We are, let's drag by the corner handle because otherwise we're not going to get a good snap to the edge of the image and we're going to reveal some nasty empty areas in the background there. Once you've drawn the crop boundary the way that you want it, come up to the Options Bar. This is a very important step and turned on Hide. You've got to turn on Hide otherwise you're going to completely delete those pixels. And this is one of the things I don't like about the Crop tool. Why they do that? Why do they restore this to a perpendicular crop boundary? So anyway, I guess it's a tip. Isn't it? In the future, you'll know to go ahead and turn on Hide before you rotate your crop boundary.

If for no other reason than because you saw me demonstrate the opposite here. All right, so let's go ahead and make sure that we're matching everything that we need to match. I love performing steps multiple times. It's always a fun. Let's go ahead and drag this crop boundary out to the edge here, that corner handle that is. So that we get the crop that we're looking for. Excellent and maybe move it down. Actually, let's move this in a little bit. Now I'll show what I mean by recomposing the shot afterwards. Thanks to the fact that we're working with a layered image. All right, so Hide is turned on. So we're just going to hide those pixels.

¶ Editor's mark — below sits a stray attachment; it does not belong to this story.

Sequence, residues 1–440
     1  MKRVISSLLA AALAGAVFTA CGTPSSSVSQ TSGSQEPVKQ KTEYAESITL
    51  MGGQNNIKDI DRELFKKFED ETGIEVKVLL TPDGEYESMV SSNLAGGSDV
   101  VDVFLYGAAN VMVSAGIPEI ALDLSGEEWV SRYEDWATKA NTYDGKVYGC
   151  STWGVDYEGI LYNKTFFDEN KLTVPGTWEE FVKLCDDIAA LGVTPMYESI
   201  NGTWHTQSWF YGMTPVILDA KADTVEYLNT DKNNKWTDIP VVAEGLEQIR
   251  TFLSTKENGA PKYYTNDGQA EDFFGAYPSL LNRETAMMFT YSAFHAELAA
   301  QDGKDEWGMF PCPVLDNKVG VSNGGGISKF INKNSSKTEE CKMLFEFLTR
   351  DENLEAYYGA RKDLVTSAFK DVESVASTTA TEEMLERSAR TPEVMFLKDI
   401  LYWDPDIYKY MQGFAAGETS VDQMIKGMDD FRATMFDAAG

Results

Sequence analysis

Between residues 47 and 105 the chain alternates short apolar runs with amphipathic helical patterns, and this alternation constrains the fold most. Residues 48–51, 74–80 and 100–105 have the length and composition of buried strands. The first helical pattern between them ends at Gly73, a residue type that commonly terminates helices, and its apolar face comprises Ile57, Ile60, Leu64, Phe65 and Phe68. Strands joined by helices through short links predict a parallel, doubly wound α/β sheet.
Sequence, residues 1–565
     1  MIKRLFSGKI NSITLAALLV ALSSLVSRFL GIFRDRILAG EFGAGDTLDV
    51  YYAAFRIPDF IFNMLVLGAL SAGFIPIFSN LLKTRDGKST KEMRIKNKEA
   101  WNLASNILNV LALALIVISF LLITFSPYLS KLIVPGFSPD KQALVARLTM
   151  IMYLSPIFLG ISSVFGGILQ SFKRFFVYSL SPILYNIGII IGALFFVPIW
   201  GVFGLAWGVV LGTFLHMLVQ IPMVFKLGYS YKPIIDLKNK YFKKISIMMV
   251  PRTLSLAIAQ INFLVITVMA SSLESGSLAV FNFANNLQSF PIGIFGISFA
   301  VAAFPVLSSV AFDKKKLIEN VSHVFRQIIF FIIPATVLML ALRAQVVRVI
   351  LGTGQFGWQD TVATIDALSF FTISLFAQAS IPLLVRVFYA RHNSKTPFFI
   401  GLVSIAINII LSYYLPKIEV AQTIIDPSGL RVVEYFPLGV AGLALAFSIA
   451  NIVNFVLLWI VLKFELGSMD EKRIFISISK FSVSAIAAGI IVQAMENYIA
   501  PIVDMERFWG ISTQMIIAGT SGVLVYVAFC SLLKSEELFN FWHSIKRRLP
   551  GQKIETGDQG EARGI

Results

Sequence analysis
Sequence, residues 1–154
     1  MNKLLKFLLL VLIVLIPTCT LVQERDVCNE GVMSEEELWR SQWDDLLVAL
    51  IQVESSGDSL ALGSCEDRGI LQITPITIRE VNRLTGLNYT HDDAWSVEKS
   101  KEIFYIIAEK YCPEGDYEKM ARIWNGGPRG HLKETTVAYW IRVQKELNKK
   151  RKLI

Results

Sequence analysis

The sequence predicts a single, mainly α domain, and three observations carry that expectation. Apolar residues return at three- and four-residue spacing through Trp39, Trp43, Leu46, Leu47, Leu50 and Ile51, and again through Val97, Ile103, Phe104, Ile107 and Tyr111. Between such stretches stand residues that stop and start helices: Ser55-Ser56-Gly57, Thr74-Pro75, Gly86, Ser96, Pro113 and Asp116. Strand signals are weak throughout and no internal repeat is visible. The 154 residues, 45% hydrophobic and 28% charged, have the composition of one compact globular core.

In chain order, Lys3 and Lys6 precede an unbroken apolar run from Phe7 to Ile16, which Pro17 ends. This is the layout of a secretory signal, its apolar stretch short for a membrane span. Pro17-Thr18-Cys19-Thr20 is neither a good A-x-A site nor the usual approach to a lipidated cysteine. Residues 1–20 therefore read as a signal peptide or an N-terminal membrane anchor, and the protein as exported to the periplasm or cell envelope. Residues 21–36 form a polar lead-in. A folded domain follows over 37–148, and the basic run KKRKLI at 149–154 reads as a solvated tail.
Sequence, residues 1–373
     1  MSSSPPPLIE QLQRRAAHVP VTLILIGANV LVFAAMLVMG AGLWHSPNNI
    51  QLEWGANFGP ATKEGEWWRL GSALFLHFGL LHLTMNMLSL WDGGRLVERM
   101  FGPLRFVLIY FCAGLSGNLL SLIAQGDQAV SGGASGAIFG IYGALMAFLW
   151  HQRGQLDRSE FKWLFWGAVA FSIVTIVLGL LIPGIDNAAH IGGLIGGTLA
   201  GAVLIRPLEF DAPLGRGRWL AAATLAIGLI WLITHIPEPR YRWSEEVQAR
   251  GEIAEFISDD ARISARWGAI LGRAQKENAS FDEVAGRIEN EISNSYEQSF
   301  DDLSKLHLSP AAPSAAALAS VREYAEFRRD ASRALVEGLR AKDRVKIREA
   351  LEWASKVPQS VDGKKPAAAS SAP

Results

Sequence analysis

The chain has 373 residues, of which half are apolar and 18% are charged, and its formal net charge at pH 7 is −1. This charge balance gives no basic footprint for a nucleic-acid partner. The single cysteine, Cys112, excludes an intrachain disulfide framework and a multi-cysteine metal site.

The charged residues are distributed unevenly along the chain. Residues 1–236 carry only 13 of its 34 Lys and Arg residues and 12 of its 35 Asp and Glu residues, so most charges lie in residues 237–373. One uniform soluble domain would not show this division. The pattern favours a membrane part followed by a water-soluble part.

Press the Enter key or the Return key on the Mac. We've straighten the image, but now I can go ahead and select the Move tool and I can drag the image inside the crop frame in order to recompose it ever so slightly if I so desire. And if I want to change the size of my crop boundary at this point, I can do so, by going up to the Image menu and choosing the Canvas Size command. With Canvas Size, you can say you know what, I want to take off 20 pixels from the Width of the image and I want to take off 50 pixels from the Height of the image.